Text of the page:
Factoids about Yerba Mate:
- In Argentina, mate is consumed 6-1 over coffee and is the leading ingredient in their diet.
- Yerba mate is rich in a group of compounds called the chlorogenic acids. These agents help to suppress appetite, regulate metabolism and inhibit fat production.
- The leaves of the yerba mate tree contain 24 vitamins and minerals, 15 amino acids, abundant antioxidants and naturally occurring caffeine.
- "Yerba" means herb. "Mate" is derived from the quichua word, "matí," which is the name of the traditional gourd. So, literally, yerba mate means "herb cup".
- Yerba mate has roughly the same caffeine content as coffee; however, caffeine-sensitive individuals do not experience the harsh side effects (jitters, stomach upset, headaches, addiction) that are common complaints with coffee.
- In South America, yerba mate has been revered for centuries as the "drink of the gods" and is drunk daily for optimum health, sustained energy and mental clarity.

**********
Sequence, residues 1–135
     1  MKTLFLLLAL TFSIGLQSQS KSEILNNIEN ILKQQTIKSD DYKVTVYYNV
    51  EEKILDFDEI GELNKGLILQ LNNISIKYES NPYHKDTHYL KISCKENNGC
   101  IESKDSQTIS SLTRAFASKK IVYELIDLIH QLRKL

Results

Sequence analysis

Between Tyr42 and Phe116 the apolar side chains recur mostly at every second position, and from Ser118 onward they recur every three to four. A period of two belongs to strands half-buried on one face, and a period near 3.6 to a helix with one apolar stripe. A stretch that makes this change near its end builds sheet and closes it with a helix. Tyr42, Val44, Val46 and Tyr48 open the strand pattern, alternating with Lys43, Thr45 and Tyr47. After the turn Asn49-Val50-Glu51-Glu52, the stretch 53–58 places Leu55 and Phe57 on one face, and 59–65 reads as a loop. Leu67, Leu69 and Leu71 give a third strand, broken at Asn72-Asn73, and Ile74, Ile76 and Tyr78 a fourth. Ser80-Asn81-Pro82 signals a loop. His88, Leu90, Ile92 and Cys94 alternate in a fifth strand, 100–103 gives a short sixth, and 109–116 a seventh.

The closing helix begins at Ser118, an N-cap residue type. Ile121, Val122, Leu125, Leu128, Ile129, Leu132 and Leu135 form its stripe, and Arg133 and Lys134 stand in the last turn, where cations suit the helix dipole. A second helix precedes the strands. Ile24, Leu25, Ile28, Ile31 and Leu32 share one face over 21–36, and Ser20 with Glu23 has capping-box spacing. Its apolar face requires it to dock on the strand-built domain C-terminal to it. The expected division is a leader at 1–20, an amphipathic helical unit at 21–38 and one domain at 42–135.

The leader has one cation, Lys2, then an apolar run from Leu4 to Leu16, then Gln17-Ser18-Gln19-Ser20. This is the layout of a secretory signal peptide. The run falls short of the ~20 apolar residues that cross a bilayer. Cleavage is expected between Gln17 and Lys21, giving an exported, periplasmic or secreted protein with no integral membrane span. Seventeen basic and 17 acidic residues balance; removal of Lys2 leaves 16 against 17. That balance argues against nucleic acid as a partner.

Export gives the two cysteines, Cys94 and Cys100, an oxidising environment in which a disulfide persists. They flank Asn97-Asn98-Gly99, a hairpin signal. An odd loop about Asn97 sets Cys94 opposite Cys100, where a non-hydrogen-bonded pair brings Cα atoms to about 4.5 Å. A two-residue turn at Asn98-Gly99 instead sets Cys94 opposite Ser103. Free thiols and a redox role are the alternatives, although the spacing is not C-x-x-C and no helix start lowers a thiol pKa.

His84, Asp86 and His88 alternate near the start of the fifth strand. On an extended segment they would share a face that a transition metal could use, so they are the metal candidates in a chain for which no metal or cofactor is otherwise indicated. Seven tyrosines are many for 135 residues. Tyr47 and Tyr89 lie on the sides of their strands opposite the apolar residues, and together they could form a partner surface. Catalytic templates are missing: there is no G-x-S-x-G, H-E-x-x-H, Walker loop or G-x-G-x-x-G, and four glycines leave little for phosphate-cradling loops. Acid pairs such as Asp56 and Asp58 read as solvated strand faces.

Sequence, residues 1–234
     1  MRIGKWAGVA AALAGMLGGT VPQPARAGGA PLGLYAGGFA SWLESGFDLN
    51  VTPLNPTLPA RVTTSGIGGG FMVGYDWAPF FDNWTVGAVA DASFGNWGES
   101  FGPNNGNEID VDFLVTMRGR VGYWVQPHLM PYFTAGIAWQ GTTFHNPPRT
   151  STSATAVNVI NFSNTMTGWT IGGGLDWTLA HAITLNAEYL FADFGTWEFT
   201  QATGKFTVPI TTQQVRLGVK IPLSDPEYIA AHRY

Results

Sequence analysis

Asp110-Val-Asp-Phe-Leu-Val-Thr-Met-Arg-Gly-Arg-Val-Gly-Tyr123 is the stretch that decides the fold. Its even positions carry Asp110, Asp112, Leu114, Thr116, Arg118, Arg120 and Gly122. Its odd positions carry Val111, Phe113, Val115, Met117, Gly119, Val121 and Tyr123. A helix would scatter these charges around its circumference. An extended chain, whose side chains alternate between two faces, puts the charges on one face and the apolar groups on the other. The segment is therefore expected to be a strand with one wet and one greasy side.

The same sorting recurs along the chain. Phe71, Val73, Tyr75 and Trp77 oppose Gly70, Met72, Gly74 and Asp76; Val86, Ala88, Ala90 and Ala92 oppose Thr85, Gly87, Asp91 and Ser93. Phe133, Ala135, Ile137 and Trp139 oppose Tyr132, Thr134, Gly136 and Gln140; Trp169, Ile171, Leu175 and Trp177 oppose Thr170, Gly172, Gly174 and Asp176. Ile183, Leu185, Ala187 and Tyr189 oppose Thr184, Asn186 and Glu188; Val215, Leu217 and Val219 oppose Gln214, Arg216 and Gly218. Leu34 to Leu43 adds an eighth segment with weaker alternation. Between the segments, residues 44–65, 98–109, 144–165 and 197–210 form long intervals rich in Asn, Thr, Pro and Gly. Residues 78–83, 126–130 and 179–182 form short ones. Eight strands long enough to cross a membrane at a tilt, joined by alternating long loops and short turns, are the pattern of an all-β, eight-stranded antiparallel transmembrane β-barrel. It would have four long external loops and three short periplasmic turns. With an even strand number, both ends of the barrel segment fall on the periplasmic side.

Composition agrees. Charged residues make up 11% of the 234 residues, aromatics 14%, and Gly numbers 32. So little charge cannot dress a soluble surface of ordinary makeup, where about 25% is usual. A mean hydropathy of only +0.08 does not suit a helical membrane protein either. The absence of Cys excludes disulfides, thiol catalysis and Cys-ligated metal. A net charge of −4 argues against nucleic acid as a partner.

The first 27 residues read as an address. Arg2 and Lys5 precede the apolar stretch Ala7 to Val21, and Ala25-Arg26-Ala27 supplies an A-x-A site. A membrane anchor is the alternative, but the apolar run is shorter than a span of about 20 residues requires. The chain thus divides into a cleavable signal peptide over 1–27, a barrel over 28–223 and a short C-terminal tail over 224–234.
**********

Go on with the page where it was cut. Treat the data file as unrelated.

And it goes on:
- Vitamins: A, C, E, B1, B2, Niacin (B3), B5, B Complex
Minerals: Calcium, Manganese, Iron, Selenium, Potassium, Magnesium, Phosphorus, Zinc
Additional Compounds: Carotene, Fatty Acids, Chlorophyll, Flavonols, Polyphenols, Inositol, Trace Minerals, Antioxidants, Tannins, Pantothenic Acid and 15 Amino Acids
About David Karr, Co-Founder and Director for Gauyaki Yerba Mate:
After graduating from Cal Poly State University in 1996 with degrees in International Business Management and Financial Management, David Karr combined his education, social ideals and passion to co-found Guayakí Yerba Mate.
Having lived in Europe for a couple of years pursuing foreign language studies, David returned to the U.S. with a sense of purpose and a heartfelt passion for community and local farming. After drinking yerba mate in ceremony from the traditional yerba mate gourd with an Argentine friend, he fell in love with yerba mate and the way he felt sip after sip.
The vision for this award-winning company was born when David met Alex Pryor and they journeyed to Alex's home country of Argentina where the centuries-old "Drink of the Gods" called yerba mate outsells coffee 6-1.
David experienced the Argentine peoples' passion for invigorating yerba mate and observed the environmental and social crisis facing the rainforest ecosystem and its native people.